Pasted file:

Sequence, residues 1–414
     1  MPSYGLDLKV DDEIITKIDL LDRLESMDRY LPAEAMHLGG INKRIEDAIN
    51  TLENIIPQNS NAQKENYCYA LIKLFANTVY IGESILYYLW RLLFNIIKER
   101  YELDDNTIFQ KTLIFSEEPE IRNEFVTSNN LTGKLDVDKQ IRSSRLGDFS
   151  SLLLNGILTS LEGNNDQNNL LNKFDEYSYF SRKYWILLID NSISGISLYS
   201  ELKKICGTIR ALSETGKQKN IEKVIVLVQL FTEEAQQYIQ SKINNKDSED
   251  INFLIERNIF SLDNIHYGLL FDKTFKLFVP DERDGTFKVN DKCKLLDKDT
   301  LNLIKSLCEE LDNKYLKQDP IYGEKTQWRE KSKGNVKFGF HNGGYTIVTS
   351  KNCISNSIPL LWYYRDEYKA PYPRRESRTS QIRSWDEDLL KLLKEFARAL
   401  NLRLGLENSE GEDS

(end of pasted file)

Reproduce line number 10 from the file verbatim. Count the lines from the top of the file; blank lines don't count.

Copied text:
   401  NLRLGLENSE GEDS